Originally published Oct. 5 in in.chalkbeat.org, a nonprofit news organization covering public education. Sign up for newsletter here.

Indianapolis Public Schools’ younger students headed back to classrooms Monday to resume in-person learning for the first time since March.

It’s part of a phased reopening plan that brings prekindergarten through third grade into buildings this week, followed by a week of remote learning over what was supposed to be fall break. The rest of the district starts in-person classes the week of Oct. 19, with grades 7-12 coming in only twice a week on a hybrid schedule.

The state’s largest district, which serves about 33,000 students in neighborhood, magnet, and independently run schools, took a cautious reopening approach and is among the last to return to school buildings this year. Many other districts have already started dealing with the changes and challenges of in-person instruction through the coronavirus crisis — including having positive cases in school.

It’s not clear if classrooms will be able to stay open all year. The district wants to take advantage of lower positivity rates to teach students in person while it seems safe to do so — but officials say they’re prepared to pivot back to remote learning if needed.

Here are a few things to watch as IPS reopens classrooms during the pandemic.

Will students want to return in person?

It’s not clear yet how many students will choose to return to classrooms — and how many want to stay virtual. That could affect classroom sizes and school bus routes.

Families had to notify the district by last week if they wanted to remain in the 100% e-learning option. The district has closed sites that provided child care and remote learning support.

It’s also yet to be seen what the district’s overall enrollment numbers look like. Washington Township, for example, which also started fully virtually, saw a small number of students leave the district because they needed in-person options, school officials have said at board meetings.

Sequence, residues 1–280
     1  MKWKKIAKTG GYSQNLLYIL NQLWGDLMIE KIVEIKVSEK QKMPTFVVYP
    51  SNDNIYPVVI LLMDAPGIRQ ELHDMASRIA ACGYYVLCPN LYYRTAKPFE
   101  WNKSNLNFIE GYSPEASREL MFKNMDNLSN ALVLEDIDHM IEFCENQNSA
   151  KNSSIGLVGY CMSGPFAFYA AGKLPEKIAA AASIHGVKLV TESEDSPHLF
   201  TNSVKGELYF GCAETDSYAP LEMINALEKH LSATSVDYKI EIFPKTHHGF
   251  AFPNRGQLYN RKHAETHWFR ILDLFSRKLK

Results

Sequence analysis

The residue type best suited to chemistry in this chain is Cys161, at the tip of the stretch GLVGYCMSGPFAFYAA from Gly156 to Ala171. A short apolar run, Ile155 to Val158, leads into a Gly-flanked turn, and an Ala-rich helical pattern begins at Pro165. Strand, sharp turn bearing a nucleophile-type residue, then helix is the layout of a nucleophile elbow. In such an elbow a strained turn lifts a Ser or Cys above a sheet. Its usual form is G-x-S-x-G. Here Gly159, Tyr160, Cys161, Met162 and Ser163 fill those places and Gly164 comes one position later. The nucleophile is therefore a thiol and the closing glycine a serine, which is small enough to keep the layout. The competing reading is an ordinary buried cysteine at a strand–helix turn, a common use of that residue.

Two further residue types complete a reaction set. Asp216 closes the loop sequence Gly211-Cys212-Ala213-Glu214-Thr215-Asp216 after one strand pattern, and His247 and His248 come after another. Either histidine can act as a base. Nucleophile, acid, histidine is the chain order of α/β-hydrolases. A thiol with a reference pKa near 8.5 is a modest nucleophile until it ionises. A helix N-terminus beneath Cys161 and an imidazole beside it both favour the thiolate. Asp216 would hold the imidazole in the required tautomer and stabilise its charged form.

Will schools be able to stay open?

The district is monitoring the seven-day average positivity rate in Indianapolis. If it dips below 5%, where it’s currently hovering, IPS could decide to further open up for older students to learn full time in person.

But if the rate rises above 11%, the district could limit in-person learning.

In addition to trends in positivity rates, the district is monitoring the availability of tests and the turnaround time for results, contract tracing capabilities, average student and staff attendance, and the availability of substitute teachers.

What happens if there are positive cases?

In addition to safety precautions such as social distancing and required mask-wearing, IPS has COVID-19 response teams in each school. The district’s protocols call for people who test positive to quarantine for at least 10 days and go three days without a fever before returning. Close contacts to a positive case will quarantine for 14 days.

The district is developing its own dashboard for publicly reporting cases. IPS schools do not appear to be reporting to the state’s database on school cases yet.